The types of experiment reported here reveal functional connexions between neurones but give no information as to how these connexions operate in the flying locust. Some profit might, nevertheless, be gained from a consideration of what behavioural observations the connexions do or do not explain and what testable predictions can be made about their role in a flying locust. The difficulties in attempting such rationalizations of function are compounded by the fact that there is no detailed information about the activity of the stretch receptor in flight, only when the wing is forcibly moved (Gettrup, 1963; Pabst, 1965). Secondly, knowledge of the way in which the motor output is generated by the central nervous system is scanty. Inferences about the central nervous system from observations made only in the periphery suggested that the pattern could be generated by connexions between the motoneurones themselves (Wilson, 1966). Now that a role for interneurones has been implicated in recordings from the central nervous system (Bentley, 1969; Burrows, 1973 a), it would seem more likely that they are responsible for the generation of the pattern, although spikes of motoneurones may be able to influence them (Burrows, 1973 a).
Indiscriminate removal of many sense organs at the base of three or four wings reduces the frequency of wingbeats by half. This effect was said to be mediated by the stretch receptors (Wilson & Gettrup, 1963), but I have argued that this interpretation is unjustified because they were not considering the stretch receptors alone. It is therefore unreasonable to expect that the connexions of the stretch receptors with motoneurones described here should explain their results. If the frequency of the wingbeats is to be reduced so drastically by lack of sensory input, then it must be inferred that afferents directly affect those neurones generating the rhythm. These are believed to be interneurones not motoneurones.
Forcibly moving a wing of a flying locust at a frequency slightly different to the natural one causes all wings to adopt the imposed rhythm (Wendler, 1972, 1975). For the sake of the following argument the input from the stretch receptor of the wing which is forcibly moved can be regarded as sinusoidal. We can propose that the input to the motoneurones from the pattern generating interneurones is also sinusoidal but because the frequency of the two sinewaves is different, they will inevitably drift. For the two inputs to become phase locked it must be supposed that sensory input, in addition to affecting the motoneurones, also influences the pattern generating interneurones. Alternatively, spikes of the motoneurones themselves could directly affect the interneurones. A third possibility can be proposed in which a large component of the input from the interneurones would be a tonic depolarizing one with only small cyclical fluctuations. Given this restraint, the input from the sense organs would then impose its own rhythm upon the motoneurones. The stretch receptor, however, connects only with ipsilateral motoneurones but an imposed movement of one wing affects the contralateral wings as well. There is no suggestion, however, that Wendler ‘s result can be attributed to the stretch receptor alone. Forcibly moving a wing must activate many sense organs in addition to the stretch receptor, some of which have contralateral effects (cf. Fig. 17 e) and at the same time opens any feedback loops which they form. Moreover, it is not suggested that all connexions of the stretch receptor have been revealed. For example, they may synapse upon interneurones which have bilateral outputs to motoneurones.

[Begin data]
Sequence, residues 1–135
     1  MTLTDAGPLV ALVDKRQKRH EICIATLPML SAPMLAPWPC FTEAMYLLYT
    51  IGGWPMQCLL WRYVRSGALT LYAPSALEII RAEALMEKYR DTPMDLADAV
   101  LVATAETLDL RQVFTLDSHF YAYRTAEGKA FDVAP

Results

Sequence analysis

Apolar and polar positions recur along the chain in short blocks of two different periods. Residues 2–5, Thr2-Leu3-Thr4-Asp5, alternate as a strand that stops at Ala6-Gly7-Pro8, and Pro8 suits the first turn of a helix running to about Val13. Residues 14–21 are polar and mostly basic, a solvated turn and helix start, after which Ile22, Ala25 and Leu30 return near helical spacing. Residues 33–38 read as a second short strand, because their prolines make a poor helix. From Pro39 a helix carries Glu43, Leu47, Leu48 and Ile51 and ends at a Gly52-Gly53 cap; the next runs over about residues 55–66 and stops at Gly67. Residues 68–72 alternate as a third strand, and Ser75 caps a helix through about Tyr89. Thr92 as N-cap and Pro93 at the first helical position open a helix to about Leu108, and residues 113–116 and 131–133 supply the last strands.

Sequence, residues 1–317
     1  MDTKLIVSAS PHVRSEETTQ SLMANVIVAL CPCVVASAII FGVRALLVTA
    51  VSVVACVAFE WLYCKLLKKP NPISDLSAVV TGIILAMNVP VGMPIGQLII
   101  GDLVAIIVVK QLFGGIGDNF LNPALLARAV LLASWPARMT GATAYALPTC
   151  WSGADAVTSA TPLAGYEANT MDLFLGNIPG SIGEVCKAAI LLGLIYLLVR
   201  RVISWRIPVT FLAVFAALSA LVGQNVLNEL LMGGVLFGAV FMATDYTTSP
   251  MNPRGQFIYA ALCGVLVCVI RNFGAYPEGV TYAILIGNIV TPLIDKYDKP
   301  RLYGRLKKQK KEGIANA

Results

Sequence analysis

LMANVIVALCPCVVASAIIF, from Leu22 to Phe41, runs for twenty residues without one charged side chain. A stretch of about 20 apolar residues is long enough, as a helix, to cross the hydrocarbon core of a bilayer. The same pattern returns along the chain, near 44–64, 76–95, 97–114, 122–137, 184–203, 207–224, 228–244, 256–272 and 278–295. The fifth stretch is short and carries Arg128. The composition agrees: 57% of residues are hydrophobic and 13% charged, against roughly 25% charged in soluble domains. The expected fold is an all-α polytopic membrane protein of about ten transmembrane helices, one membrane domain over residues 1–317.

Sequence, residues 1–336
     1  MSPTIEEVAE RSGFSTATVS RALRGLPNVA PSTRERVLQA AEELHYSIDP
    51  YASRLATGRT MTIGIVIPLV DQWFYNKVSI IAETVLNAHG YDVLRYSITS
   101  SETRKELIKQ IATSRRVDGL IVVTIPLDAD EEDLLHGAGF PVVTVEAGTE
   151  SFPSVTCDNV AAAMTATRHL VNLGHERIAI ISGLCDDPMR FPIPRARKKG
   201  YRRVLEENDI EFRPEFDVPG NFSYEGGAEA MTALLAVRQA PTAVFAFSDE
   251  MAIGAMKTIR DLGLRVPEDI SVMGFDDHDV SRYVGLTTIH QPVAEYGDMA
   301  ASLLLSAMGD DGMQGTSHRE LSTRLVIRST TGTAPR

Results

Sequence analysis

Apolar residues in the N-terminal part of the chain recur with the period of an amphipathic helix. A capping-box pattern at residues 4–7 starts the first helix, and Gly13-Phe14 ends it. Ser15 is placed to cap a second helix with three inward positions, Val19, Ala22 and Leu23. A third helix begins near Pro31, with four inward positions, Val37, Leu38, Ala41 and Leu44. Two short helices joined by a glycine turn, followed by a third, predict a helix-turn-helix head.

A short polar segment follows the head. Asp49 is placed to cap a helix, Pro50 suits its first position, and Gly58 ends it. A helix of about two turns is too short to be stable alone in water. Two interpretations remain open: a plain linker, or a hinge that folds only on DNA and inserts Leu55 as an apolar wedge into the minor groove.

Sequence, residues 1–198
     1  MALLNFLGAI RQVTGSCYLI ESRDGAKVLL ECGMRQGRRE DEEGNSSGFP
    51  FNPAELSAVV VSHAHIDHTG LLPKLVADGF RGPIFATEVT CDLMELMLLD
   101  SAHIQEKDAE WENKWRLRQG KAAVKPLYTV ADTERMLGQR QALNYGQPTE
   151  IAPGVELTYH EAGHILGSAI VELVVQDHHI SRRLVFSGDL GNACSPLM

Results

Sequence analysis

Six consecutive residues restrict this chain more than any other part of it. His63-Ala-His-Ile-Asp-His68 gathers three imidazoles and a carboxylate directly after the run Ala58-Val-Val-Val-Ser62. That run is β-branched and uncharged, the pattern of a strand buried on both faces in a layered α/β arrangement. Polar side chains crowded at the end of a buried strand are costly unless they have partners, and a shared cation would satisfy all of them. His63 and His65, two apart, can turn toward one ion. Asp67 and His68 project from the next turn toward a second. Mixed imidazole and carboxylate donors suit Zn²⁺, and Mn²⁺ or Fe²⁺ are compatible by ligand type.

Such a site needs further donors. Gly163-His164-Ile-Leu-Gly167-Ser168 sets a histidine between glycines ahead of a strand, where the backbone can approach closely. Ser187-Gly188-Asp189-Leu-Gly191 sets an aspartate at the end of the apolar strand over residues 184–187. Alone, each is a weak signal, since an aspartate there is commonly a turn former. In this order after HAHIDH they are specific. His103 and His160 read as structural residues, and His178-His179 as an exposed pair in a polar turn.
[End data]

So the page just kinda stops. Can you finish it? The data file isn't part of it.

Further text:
An effect which may be explained by the pathways shown is that described by Waldron (1967a). If the wings of a flying locust are held in an elevated position, elevator activity stops but the depressors continue to spike rhythmically. Waldron believed that with the wings in this position, input from the stretch receptor would be reduced but in a non-flying locust a maintained elevation of a wing causes a tonic discharge of the stretch receptor. This would inhibit elevator motoneurones but tonically excite the depressors which would continue to express the centrally determined pattern.
Stimulation of the axon of the stretch receptor in a dissected locust fails to evoke spikes in motoneurones. If the stimuli are given in groups and another unpatterned input is added, spikes are evoked which are phase locked to each group of stimuli. When the interval between the groups is about the same as the wingbeat period, spikes usually occur only on alternate cycles. The hyperpolarization which follows a spike means that the next wave of EPSPs from the stretch receptor fails to reach the motoneurone ‘s spike threshold. Increasing the level of the unpatterned input would allow spikes to be evoked on each cycle. It can be inferred that in the flying locust, input from the stretch receptor would influence the production of spikes in depressor motoneurones if these receive additional depolarizing inputs. It has been shown that the inhibitory connexions of the stretch receptor can abolish spikes in elevator motoneurones. The connexions of the stretch receptor with motoneurones can thus provide rapid cycle by cycle adjustments of the motor output. For example, an increased elevation of the wing, perhaps caused by an air current, will be signalled as an increased frequency of spikes of the stretch receptor whose central connexions will tend to bring the elevation to an end. The loop could thus act to stabilize the frequency of wingbeats by correcting the amplitude of each wingbeat. During flight the sinusoidal input from the interneurones will interact at the motoneurone level with the sinusoidal input from the stretch receptors. The two will sum, but slight variation in the time of arrival of the sensory input will determine when a particular motoneurone may spike. In this way some aspects of the co-ordination of both synergists and antagonists could be theoretically under the control of afferents. The increased variance in the intervals between antagonistic motoneurones upon the abolition of sensory input from three or more wings is evidence in favour of this inference (Kutsch, 1974).
The results imply that the feed-back loop formed by the stretch receptor must be regarded as an integral part of the flight system. It should be capable of reinforcing the centrally determined rhythm, a role already implicated for afferents in the endogenously controlled movements of lobster swimmerets (Davis, 1973), and provide fine control over some aspects of the pattern. Experiments carried out during free flight are now required so that the influence of the stretch receptor can be ascertained during normal behaviour.